Larger font
Smaller font
Noah Webster’s 1828 Dictionary - Contents
  • Results
  • Related
  • Featured
No results found for: "".
  • Weighted Relevancy
  • Content Sequence
  • Relevancy
  • Earliest First
  • Latest First
    Larger font
    Smaller font


    REPERCUSS, v.t. [L. repercutio; re and percutio; per and quatio, to shake, to beat.] To beat back.

    REPERCUSSION, n. [L. repercussio.]

    1. The act of driving back; reverberation; as the repercussion of sound.NWAD REPERCUSSION.2

    2. In music, frequent repetition of the same sound.NWAD REPERCUSSION.3


    1. Driving back; having the power of sending back; causing to reverberate; as repercussive rocks.NWAD REPERCUSSIVE.2

    2. Repellent; as a repercussive medicine. [Not in use.]NWAD REPERCUSSIVE.3

    3. Driven back; reverberated.NWAD REPERCUSSIVE.4

    REPERCUSSIVE, n. A repellent. Obs.

    REPERTITIOUS, a. [from L. repertus, reperio.] Found; gained by finding. [Not in use.]

    REPERTORY, n. [L. repertorium, from reperio, to find again; re and aperio, to uncover.]

    1. A place in which things are disposed in an orderly manner, so that they can be easily found, as the index of a book, a common-place book, etc.NWAD REPERTORY.2

    2. A treasury; a magazine.NWAD REPERTORY.3

    REPETEND, n. [L. repetendus, repeto.] The parts of decimals continually repeated.

    REPETITION, n. [L. repetitio. See Repeat.]

    1. The act of doing or uttering a second time; iteration of the same act, or of the same words or sounds.NWAD REPETITION.2

    2. The act of reciting or rehearsing; the act of reading over.NWAD REPETITION.3

    3. Recital.NWAD REPETITION.4

    4. Recital from memory, as distinct from reading.NWAD REPETITION.5

    5. In music, the art of repeating, singing or playing the same part a second time.NWAD REPETITION.6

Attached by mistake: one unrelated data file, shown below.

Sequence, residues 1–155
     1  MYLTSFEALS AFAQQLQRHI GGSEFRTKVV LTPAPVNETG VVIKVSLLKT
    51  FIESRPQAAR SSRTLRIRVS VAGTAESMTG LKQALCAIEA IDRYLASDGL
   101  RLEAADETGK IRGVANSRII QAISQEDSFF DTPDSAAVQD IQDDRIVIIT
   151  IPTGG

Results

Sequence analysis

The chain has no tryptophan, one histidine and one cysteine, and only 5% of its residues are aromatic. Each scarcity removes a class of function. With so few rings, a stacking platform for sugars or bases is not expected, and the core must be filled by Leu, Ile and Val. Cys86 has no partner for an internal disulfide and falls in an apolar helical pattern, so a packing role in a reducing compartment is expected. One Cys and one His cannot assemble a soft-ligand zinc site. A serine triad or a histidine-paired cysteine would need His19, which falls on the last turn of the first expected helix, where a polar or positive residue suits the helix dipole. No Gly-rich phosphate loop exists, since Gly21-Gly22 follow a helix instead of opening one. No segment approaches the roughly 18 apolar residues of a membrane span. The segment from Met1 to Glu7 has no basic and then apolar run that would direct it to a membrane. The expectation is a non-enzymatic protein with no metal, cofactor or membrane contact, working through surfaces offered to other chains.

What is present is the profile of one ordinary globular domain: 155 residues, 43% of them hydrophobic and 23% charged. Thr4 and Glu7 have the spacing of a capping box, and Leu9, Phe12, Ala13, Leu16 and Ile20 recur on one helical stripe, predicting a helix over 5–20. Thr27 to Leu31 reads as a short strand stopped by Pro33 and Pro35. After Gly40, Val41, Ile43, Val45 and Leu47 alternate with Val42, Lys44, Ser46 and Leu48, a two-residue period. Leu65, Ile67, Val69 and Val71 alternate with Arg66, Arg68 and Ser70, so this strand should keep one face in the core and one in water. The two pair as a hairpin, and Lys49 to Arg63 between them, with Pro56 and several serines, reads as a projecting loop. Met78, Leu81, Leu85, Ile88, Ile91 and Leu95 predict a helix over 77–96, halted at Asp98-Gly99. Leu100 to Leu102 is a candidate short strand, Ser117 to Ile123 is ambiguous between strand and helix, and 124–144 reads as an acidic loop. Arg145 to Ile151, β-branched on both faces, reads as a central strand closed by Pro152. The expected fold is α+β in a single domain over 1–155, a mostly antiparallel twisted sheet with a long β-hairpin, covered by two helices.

6. In rhetoric, reiteration, or a repeating the same word, or the same sense in different words, for the purpose of making a deeper impression on the audience.NWAD REPETITION.7

    REPETITIONAL, REPETITIONARY, a. Containing repetition. [Little used.]

    REPINE, v.i. [re and pine.]

    1. To fret one’s self; to be discontented; to feel inward discontent which preys on the spirits; with at or against. It is our duty never to repine at the allotments of Providence.NWAD REPINE.2

    2. To complain discontentedly; to murmur.NWAD REPINE.3

    Multitudes repine at the want of that which nothing but idleness hinders them from enjoying.NWAD REPINE.4

    3. To envy.NWAD REPINE.5

    REPINER, n. One that repines or murmurs.

    REPINING, ppr.

    1. Fretting one’s self; feeling discontent that preys on the spirits; complaining; murmuring.NWAD REPINING.2

    2. a. Disposed to murmur or complain; as a repining temper.NWAD REPINING.3

    REPINING, n. The act of fretting or feeling discontent or of murmuring.

    REPININGLY, adv. With murmuring or complaint.

    REPLACE, v.t.

    1. To put again in the former place; as, to replace a book.NWAD REPLACE.2

    The earl - was replaced in his government.NWAD REPLACE.3

    2. To put in a new place.NWAD REPLACE.4

    3. To repay; to refund; as, to replace a sum of money borrowedNWAD REPLACE.5

    4. To put a competent substitute in the place of another displaced or of something lost. The paper is lost and cannot be replaced.NWAD REPLACE.6

    REPLACED, pp. Put again in a former place; supplied by a substitute. Thus in petrification, the animal or vegetable substance gradually wastes away, and is replaced by silex.

    REPLACEMENT, n. The act of replacing.

    REPLACING, ppr. Putting again in a former place; supplying the place of with a substitute.

    REPLAIT, v.t. [re and plait.] To plait or fold again; to fold one part over another again and again.

    REPLAITED, pp. Folded again or often.

    REPLAITING, ppr. Folding again or often.

    REPLANT, v.t. To plant again.

    REPLANTABLE, a. That may be planted again.

    REPLANTATION, n. The act of planting again.

    REPLANTED, pp. Planted anew.

    REPLANTING, ppr. Planting again.

    REPLEAD, v.t. [re and plead.] To plead again.

    REPLEADER, n. In law, a second pleading or course of pleadings; or the power of pleading again.

    Whenever a repleader is granted, the pleadings must begin de novo.NWAD REPLEADER.2

    REPLENISH, v.t. [L. re and plenus, full.]

    1. To fill; to stock with numbers or abundance. The magazines are replenished with corn. The springs are replenished with water.NWAD REPLENISH.2